The Lumumba Assassination and CIA Accountability
Stephan Weissman discusses the controversy that has swirled over alleged U.S. Government responsibility for the assassination of the former Belgian Congo's democratically elected Prime Minister.
For 50 years, controversy has swirled over alleged U.S. Government responsibility for the assassination of the former Belgian Congo’s democratically elected Prime Minister. New analysis of documents, memoirs and interviews shows that the CIA Congo Station Chief was an influential participant in the Congo Government's decision to “render” Lumumba to his bitter enemies in secessionist Katanga. Significantly, the Lumumba case illuminates some of the reasons behind the lack of adequate accountability in contemporary covert action.
Stephen R. Weissman is the author of American Foreign Policy in the Congo 1960–1964 (1974) and A Culture of Deference: Congress’s Failure of Leadership in Foreign Policy (1961). He has been a political science professor at the University of Texas at Dallas, Fordham University, and the Université Libre du Congo. He served on the staff of the House of Representatives Subcommittee on Africa from 1979 to 1991 (the last four years as staff director).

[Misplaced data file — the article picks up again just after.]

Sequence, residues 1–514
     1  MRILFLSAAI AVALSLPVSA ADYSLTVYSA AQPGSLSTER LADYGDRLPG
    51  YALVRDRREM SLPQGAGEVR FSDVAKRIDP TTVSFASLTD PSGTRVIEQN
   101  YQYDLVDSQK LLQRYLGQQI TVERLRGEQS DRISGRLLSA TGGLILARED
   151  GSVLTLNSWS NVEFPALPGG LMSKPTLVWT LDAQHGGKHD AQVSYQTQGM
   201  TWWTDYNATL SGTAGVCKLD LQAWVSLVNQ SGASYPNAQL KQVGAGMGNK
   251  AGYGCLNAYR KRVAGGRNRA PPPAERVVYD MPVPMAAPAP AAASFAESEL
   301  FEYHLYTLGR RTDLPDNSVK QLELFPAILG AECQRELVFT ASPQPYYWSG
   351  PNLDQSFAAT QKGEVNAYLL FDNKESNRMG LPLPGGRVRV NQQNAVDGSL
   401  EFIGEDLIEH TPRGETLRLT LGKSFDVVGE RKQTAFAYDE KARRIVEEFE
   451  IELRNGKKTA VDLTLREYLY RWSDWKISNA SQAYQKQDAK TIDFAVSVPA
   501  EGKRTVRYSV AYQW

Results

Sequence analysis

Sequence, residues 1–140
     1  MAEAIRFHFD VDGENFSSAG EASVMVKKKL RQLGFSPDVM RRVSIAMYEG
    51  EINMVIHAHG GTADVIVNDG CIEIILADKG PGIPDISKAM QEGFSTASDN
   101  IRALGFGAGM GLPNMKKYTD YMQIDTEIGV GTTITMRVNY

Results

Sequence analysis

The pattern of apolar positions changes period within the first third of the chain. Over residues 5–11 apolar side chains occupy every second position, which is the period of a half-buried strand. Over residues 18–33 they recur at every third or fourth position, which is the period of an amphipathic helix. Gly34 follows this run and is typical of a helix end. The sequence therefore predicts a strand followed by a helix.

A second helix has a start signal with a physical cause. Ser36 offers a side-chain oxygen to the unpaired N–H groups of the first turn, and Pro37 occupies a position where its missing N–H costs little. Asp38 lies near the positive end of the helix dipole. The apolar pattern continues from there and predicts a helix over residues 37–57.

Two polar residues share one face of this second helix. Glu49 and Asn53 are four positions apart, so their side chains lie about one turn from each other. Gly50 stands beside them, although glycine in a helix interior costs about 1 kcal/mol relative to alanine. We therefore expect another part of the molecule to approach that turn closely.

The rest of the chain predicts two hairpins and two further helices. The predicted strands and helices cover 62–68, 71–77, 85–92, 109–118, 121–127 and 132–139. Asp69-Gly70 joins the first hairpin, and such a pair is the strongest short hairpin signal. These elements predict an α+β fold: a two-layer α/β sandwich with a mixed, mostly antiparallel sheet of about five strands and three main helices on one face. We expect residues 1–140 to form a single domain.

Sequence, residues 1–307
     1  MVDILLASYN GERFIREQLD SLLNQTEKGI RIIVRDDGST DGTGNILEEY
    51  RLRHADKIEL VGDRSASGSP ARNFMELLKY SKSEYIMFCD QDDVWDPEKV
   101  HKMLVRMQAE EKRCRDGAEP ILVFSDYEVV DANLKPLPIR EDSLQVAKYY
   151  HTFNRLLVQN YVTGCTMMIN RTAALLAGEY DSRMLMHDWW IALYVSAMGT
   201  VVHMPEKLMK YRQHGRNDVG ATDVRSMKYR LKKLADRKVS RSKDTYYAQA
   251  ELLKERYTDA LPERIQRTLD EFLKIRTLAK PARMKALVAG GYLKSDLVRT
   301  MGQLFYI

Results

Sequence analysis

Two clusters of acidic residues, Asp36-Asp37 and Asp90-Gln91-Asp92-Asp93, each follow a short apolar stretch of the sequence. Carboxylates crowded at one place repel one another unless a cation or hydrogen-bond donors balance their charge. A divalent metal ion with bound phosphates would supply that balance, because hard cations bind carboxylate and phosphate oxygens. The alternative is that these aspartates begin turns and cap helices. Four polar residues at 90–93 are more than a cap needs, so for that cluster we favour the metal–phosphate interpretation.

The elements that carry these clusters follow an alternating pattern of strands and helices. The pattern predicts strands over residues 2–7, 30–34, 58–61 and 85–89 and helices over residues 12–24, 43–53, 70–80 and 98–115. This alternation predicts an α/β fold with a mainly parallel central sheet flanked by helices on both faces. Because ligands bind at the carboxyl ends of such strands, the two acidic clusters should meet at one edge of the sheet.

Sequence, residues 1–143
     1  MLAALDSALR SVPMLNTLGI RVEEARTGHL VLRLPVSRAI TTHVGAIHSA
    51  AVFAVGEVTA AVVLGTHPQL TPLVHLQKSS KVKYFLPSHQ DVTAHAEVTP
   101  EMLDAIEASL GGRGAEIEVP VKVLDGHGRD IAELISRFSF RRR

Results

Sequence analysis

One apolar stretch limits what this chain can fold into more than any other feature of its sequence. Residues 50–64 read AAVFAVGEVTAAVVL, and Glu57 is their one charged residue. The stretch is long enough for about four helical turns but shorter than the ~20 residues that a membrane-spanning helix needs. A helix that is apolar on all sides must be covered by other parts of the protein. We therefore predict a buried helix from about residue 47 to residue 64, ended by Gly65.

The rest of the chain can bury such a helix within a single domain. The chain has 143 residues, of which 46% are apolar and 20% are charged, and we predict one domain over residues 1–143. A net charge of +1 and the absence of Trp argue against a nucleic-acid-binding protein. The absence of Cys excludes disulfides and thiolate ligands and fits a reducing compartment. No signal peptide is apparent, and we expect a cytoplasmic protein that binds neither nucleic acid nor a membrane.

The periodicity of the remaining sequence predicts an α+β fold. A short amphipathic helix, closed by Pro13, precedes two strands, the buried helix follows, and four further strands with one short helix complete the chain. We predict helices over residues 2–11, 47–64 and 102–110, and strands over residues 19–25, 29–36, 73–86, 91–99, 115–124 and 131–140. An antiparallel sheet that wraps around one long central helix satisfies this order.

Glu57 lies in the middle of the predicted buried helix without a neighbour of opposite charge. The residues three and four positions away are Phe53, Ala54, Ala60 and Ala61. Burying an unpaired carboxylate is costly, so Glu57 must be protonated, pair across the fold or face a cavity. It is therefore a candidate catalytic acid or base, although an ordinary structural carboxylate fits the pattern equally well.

Woodrow Wilson Center, 6th Floor Moynihan Board Room
Ronald Reagan Building, Federal Triangle Metro Stop
Reservations requested because of limited seating:
HAPP@wilsoncenter.org or 202-691-4166
History and Public Policy Program
The History and Public Policy Program makes public the primary source record of 20th and 21st century international history from repositories around the world, facilitates scholarship based on those records, and uses these materials to provide context for classroom, public, and policy debates on global affairs. Read more
Thank you for your interest in this event. Please send any feedback or questions to our Events staff.